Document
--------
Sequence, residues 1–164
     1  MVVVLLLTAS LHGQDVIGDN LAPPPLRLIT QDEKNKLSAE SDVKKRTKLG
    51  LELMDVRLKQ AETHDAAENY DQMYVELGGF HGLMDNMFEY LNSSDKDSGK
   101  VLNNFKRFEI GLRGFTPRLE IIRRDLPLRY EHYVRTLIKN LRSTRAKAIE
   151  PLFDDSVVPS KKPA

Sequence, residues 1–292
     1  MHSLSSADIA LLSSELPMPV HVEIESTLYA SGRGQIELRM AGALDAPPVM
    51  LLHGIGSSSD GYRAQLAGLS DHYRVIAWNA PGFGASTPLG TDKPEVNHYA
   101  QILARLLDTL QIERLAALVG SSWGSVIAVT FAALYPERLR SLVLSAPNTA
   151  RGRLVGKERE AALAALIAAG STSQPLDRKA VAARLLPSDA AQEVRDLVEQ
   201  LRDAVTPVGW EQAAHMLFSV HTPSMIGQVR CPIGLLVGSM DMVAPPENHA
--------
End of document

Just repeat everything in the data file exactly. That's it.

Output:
Sequence, residues 1–164
     1  MVVVLLLTAS LHGQDVIGDN LAPPPLRLIT QDEKNKLSAE SDVKKRTKLG
    51  LELMDVRLKQ AETHDAAENY DQMYVELGGF HGLMDNMFEY LNSSDKDSGK
   101  VLNNFKRFEI GLRGFTPRLE IIRRDLPLRY EHYVRTLIKN LRSTRAKAIE
   151  PLFDDSVVPS KKPA

Sequence, residues 1–292
     1  MHSLSSADIA LLSSELPMPV HVEIESTLYA SGRGQIELRM AGALDAPPVM
    51  LLHGIGSSSD GYRAQLAGLS DHYRVIAWNA PGFGASTPLG TDKPEVNHYA
   101  QILARLLDTL QIERLAALVG SSWGSVIAVT FAALYPERLR SLVLSAPNTA
   151  RGRLVGKERE AALAALIAAG STSQPLDRKA VAARLLPSDA AQEVRDLVEQ
   201  LRDAVTPVGW EQAAHMLFSV HTPSMIGQVR CPIGLLVGSM DMVAPPENHA